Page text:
• Pre Workout: Coffee and Creatine
  • Intra-Workout: Watered down Gatorade with Creatine
  • Post Workout: Chocolate Milk (2%) With Creatine
  • Dinner: Chicken cooked in coconut oil, lots of rice or pasta
  • Carb Load: Usually doughnuts, sometimes chocolate chip cookies or Oreos.

The carb load was pre-dinner as often as it was post dinner, and I didn’t notice much of a difference the next morning. What I did notice was not taking in enough carbs either led to unwanted weight loss or feeling “deflated” the next morning.

Also, on this note, I had a tough time eating too many carbs, but did notice on occasion when my carb load carried on past 9pm I felt I looked a little softer the next day. I should probably also mention my training at the time was the typical Westside 4 day split and I back loaded the same on my off days as on training days.

The big plus, aside from the re-composition I was seeking, was my performance in the weight room. I’m what I would call a hobbyist power lifter. I take it very seriously, but have not competed yet because I will not win. If I’m going to compete in something I need to pose a threat to my opposition. I will continue to prepare until I am a threatening force and at that point, will step onto the platform.

That being said, little to no carbs pre-workout was the best thing I’ve ever done for my pre-workout nutrition. Not only was the “fight or flight” adrenaline rush amplified times a million [see also Kiefer’s article “The Hulk Factor” –Ed], but my numbers continued to climb, my veins were popping out, and I NEVER felt like puking. Try not puking after some sled work with a pre-workout carb load. Won’t happen.

Where I really went wrong

After one month on the “dialed in” version I was looking lean and feeling strong. My abs were starting to poke through, and I was losing fat at a ridiculous rate. The issue was, pounds started to come off too. And I accelerated the process by dialing back my carb load so I could get that ripped six pack.

I don’t know what I was thinking. Through the second “dialed in” “reduced carb load” month I rationalized every pound of bodyweight lost, and every drop in my strength numbers. I don’t know why I didn’t take the hint.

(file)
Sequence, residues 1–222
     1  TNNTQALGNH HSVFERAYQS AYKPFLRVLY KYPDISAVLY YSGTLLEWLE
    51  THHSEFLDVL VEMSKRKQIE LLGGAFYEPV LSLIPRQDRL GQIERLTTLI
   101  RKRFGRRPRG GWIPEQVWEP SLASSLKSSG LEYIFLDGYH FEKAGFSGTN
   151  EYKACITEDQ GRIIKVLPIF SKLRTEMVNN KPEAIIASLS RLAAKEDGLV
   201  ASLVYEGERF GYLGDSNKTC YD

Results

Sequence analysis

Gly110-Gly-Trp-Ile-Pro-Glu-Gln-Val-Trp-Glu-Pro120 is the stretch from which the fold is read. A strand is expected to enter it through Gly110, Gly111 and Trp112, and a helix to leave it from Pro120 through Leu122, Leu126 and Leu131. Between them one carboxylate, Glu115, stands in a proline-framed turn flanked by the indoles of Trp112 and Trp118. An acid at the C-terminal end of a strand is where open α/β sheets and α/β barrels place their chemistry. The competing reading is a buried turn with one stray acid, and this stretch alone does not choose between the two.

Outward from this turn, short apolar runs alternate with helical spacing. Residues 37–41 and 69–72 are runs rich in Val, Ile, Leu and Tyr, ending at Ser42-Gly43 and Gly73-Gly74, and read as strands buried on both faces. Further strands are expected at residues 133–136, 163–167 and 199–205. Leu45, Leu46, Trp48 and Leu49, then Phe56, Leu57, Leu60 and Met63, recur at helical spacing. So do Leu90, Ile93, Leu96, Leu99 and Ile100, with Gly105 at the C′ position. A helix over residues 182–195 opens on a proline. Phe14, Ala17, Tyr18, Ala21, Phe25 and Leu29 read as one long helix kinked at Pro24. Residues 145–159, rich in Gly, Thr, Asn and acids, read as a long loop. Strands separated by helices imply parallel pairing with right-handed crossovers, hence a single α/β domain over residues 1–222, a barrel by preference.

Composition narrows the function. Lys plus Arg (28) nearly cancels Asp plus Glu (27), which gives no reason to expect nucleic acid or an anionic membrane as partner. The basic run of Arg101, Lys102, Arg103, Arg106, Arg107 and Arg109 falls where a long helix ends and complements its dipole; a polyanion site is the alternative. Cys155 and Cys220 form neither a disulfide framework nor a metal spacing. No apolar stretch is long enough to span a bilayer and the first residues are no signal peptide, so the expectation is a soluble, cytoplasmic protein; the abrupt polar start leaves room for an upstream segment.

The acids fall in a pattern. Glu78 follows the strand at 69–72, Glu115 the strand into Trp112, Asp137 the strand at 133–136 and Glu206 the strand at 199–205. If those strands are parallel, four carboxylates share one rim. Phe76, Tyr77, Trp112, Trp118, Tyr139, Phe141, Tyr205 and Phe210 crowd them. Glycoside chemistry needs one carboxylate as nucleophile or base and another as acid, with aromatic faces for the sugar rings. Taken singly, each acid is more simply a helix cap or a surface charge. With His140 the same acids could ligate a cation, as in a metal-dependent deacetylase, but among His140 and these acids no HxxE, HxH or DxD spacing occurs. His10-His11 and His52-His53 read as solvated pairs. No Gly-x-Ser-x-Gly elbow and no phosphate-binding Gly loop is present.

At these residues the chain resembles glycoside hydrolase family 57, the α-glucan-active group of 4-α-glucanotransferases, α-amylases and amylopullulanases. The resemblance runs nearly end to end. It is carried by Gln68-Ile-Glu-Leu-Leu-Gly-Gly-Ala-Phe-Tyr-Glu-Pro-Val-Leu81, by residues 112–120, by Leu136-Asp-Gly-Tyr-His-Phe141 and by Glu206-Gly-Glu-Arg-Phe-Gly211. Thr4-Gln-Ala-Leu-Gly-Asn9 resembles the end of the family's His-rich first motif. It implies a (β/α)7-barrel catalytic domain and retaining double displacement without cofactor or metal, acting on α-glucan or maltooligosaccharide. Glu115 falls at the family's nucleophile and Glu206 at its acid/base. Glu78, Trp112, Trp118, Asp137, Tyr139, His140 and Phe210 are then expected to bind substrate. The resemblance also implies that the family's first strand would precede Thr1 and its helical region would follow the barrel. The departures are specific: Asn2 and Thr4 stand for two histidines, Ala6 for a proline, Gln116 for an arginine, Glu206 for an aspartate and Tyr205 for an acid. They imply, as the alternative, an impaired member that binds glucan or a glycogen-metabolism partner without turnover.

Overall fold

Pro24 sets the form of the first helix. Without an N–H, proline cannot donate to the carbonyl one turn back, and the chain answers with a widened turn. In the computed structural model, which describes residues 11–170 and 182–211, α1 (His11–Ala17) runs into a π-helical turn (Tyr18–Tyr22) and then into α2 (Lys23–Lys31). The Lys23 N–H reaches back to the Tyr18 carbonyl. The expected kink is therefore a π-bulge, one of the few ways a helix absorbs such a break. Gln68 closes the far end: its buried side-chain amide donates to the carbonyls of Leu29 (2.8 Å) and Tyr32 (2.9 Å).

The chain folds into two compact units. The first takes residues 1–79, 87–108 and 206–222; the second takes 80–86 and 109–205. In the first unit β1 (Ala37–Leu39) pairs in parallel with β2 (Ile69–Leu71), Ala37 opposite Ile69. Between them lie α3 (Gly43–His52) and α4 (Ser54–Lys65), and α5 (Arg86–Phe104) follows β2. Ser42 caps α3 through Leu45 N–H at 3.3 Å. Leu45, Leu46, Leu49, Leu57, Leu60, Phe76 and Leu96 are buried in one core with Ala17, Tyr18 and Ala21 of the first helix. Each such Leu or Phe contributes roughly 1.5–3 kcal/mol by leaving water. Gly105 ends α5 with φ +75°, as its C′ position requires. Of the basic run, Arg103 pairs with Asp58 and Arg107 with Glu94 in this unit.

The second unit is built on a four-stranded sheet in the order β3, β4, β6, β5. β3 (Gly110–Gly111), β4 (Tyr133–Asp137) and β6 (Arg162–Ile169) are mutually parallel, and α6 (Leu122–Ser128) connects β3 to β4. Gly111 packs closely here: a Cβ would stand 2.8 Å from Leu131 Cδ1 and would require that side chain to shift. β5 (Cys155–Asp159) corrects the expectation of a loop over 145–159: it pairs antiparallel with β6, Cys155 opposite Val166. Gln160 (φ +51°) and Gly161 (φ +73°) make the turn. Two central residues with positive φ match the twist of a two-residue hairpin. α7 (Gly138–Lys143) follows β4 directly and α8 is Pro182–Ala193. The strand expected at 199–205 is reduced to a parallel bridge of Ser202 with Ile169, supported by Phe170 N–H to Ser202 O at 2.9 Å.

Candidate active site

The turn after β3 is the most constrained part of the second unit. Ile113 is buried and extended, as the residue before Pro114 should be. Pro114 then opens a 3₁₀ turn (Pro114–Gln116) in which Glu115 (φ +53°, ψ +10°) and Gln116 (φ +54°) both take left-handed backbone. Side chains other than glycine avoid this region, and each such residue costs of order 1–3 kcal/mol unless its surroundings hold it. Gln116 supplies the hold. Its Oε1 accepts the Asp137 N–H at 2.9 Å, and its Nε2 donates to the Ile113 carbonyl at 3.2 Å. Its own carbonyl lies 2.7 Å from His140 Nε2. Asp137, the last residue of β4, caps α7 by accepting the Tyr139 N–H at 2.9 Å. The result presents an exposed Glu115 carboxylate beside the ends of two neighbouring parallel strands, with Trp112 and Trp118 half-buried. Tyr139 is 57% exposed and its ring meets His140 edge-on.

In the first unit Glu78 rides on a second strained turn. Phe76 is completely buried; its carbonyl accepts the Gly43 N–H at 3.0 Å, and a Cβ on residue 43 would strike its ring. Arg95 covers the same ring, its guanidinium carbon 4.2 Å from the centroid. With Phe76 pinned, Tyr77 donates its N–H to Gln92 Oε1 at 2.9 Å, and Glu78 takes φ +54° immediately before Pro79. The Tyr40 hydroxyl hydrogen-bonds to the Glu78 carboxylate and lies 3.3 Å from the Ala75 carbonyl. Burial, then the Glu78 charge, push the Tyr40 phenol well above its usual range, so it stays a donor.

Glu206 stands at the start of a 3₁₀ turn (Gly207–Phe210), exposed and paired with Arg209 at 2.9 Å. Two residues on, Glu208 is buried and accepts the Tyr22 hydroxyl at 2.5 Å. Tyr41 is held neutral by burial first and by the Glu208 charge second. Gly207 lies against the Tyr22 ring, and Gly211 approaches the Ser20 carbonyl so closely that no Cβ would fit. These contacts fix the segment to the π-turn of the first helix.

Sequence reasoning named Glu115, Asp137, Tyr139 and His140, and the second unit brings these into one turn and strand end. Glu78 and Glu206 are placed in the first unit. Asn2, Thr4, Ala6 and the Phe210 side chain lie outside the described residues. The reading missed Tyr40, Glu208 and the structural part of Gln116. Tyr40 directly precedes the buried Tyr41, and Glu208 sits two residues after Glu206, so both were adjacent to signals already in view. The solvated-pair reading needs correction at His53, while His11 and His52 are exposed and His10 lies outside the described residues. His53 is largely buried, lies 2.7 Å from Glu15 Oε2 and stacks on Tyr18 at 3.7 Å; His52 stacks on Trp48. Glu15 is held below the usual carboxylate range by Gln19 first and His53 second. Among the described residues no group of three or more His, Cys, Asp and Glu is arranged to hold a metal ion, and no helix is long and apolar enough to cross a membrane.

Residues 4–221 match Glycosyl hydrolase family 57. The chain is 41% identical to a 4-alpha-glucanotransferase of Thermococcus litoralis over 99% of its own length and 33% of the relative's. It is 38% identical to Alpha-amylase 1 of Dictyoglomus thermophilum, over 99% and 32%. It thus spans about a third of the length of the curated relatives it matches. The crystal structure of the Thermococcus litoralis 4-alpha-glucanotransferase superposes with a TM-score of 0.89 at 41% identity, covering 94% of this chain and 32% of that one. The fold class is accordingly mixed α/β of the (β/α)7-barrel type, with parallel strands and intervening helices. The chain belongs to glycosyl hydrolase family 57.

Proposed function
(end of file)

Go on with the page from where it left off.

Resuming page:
I was starving in the mornings and started eating breakfast again like a regular person. That was almost 2 months ago now. Since then I’ve been sticking to a mostly very clean, very average diet. Needless to say I’ve bloated up a little bit.

The funny thing is, without even thinking about it I’ve been drifting back into Back-Loading carbs. Breakfast has slid to just about 3 hours after I wake up, and I don’t even want anything other than protein and fat until later in the day.

Currently I’ve resurrected the numbers on my lifts and am gearing up for another round of Back-Loading. What I’ll be doing differently this time is investing in a good protein supplement (to be strict about hitting at least 1g per lb of bodyweight), supplementing with leucine with post workout meals only, definitely involving coconut oil, staying low carb on appropriate off days, and keeping the carb load high enough to avoid compromise on bodyweight and strength.

Big thanks to Kiefer for consistently putting out such valuable information through and allowing me the chance to type-a-rhea all over DH.

SJ @TheYardSJ, otherwise known as Sam Joy, is a Certified Strength and Conditioning Specialist (CSCS). SJ lives and breathes fitness, and loses sleep at night thinking about bettering his own conditioning, and moreso, that of the athletes that train @theYard.